SMBs: 5 Tools for Laying the Groundwork for Benchmarking Success

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    Best Practices for Choosing a Business Intelligence Dashboard

    While some small and medium businesses are slow to grasp the benefit that technology can bring to their success, many more are starting to learn that it is a key element of achieving longevity and sustainable growth. The latter is an important mindset if you want your SMB to succeed.

    One of the most transformative opportunities for your SMB lies in data analytics and metrics, both its own and those of your competitors. You don’t have to hire data scientists and research firms to gather those metrics. If you know where to look, your small business can gather, analyze and make sense of data you already have in several ways.

    IBM’s Watson Analytics makes advanced and predictive business analytics easily accessible to small businesses, for example. And Google Analytics is a free web-traffic monitoring tool that provides data about website visitors and traffic sources using a multitude of metrics.

    A less frequently considered, but important step in effectively growing your business is to benchmark how your current sales and operational efficiencies stack up against similar companies. After all, how can you strive for success if you don’t know definitively what success should look like for your business in comparison to your competitors? While establishing your 2016 business goals, wouldn’t it be valuable to know how many orders your competitors processed last year? Or how many different channels they’re selling through, and what eCommerce solutions they’re utilizing?

    According to Stitch Labs, Inc., to establish a competitive benchmark for your business, you must:

    1.    Determine Key Metrics – What data points are most central to your business? Focusing on key business-driving metrics like revenue, order volume, and cost of goods sold will make researching competitors and measuring success much more clear.

    2.    Identify Competitors – No business exists in a vacuum. It’s important to know who your current and future competitors are and how they’re operating within the market.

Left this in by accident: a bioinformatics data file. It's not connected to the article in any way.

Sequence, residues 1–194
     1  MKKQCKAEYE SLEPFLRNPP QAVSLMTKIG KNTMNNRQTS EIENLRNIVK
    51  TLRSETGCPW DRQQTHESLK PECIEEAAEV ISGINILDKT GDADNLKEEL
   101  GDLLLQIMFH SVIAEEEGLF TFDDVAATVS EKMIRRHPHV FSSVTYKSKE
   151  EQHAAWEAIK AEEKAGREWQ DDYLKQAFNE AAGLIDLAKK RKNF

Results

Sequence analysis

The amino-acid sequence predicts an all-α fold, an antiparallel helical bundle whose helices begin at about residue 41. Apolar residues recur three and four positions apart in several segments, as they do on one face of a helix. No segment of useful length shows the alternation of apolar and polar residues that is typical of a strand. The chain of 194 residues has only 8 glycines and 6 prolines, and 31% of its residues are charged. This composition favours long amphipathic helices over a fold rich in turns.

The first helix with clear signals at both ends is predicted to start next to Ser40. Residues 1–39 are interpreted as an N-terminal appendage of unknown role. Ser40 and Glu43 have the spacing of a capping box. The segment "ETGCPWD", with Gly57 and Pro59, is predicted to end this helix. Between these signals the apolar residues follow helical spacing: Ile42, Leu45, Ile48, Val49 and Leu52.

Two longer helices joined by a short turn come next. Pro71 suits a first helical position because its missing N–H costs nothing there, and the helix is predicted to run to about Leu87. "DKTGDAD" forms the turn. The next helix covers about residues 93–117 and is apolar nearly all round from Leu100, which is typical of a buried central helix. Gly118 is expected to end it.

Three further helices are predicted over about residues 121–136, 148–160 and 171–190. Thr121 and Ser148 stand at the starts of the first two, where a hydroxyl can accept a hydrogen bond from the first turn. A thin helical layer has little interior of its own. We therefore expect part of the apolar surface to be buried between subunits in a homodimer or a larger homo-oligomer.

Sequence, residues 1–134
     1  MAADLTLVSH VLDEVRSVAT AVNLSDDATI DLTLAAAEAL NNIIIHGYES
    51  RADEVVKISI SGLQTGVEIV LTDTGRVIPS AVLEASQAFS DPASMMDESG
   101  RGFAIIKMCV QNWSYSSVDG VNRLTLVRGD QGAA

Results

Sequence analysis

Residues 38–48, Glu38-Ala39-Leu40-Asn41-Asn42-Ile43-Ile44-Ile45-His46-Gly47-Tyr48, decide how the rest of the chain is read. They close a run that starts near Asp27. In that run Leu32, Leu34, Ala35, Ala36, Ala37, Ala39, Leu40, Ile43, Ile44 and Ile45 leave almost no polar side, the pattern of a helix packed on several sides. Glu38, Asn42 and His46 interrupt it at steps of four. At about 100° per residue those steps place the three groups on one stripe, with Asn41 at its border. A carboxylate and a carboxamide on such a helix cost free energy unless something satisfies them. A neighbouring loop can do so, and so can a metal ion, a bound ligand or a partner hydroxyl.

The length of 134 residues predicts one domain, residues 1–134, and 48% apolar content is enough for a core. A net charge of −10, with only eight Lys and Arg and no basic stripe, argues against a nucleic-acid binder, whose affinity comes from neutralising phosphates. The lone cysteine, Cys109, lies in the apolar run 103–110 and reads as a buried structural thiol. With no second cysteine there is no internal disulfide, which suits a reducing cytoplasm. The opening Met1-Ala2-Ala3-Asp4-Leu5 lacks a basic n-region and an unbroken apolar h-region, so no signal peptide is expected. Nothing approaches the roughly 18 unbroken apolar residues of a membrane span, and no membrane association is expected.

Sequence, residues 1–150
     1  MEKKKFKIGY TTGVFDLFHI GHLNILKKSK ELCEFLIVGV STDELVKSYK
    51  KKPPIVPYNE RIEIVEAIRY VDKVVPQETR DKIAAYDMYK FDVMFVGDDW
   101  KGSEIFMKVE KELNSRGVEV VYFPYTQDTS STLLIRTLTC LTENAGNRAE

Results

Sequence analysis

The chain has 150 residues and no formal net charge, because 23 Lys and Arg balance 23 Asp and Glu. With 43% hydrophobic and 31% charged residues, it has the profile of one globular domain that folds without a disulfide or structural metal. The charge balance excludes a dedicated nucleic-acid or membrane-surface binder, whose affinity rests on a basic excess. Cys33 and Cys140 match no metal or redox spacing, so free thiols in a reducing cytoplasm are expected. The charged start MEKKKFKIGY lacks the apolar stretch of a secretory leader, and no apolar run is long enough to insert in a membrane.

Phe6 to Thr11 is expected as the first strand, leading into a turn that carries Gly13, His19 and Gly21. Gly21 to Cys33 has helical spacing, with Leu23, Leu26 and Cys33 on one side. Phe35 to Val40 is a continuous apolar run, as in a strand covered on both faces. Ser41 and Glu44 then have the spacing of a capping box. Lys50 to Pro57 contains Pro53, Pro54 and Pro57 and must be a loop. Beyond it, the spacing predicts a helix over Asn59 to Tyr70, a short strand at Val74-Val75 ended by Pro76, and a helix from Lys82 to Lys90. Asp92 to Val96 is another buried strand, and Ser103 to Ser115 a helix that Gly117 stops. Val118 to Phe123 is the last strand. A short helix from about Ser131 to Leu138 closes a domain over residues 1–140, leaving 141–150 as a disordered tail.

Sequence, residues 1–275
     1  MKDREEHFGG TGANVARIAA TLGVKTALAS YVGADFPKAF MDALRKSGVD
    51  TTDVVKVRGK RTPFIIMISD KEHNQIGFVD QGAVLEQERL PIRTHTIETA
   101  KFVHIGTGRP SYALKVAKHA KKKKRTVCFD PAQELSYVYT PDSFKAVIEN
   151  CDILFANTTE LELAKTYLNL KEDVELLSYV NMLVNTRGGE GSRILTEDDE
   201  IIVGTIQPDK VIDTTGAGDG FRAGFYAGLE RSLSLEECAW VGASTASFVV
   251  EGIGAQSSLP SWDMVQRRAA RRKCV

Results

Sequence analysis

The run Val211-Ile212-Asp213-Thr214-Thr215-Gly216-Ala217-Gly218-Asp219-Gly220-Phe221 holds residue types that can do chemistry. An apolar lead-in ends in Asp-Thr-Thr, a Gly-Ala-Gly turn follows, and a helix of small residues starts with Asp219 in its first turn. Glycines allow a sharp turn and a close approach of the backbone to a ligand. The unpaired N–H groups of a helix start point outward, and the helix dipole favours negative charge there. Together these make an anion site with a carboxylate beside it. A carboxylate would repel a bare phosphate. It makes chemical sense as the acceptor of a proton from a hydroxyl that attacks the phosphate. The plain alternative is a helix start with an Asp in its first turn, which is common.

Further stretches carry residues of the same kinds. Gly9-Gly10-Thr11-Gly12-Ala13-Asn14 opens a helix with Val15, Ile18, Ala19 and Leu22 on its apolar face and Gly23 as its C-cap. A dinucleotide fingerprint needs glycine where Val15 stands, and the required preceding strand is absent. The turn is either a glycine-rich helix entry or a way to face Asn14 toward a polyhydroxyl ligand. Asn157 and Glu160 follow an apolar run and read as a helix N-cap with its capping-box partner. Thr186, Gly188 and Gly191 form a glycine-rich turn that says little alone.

3.    Research and Assess Competitors – How are your competitors differentiating themselves in the market? What different sales channels and retail technologies are they utilizing? These are the types of questions you’ll need to answer.

    4.    Leverage Benchmarking Tools – Although there are costly industry analyst reports or anecdotal trade stories, the data generally available to small and mid-sized business (SMB) retailers will not provide enough specific information for effective planning. Thankfully, free business insight tools are becoming newly available to help make the research and discovery process easier.

    5.    Develop an Actionable Plan – Once you’re clear on what your competitors are doing and what changes you need to implement to drive business success, it’s time to determine key goals for the year and start developing tactical plans to achieve those goals. Follow these plans weekly and monthly to confirm you’re meeting important milestones.

    While the concept of benchmarking may be a little intimidating at first, rest assured there many sources that can help you get started with it. The U.S. Small Business Administration offers a free tool called SizeUp that lets you see how you compare with your competitors. You just provide your industry and the city you’re located in and the tool will display information for your top three competitors.

    You can also benchmark on your own your company’s key statistics against available industry norms like salary surveys and published information on financial ratios for your industry.

    You don’t want the success of your small or medium business to depend on a hunch. The more information you have about your own data points and those of your competitors, the better your chances are for moving the needle on your bottom line.

    Toni Bowers has been in the tech publishing world for over 25 years. She currently tackles the topics of small to midsize business technology and introducing new tools for IT. Follow Toni on Twitter @tbowers928.

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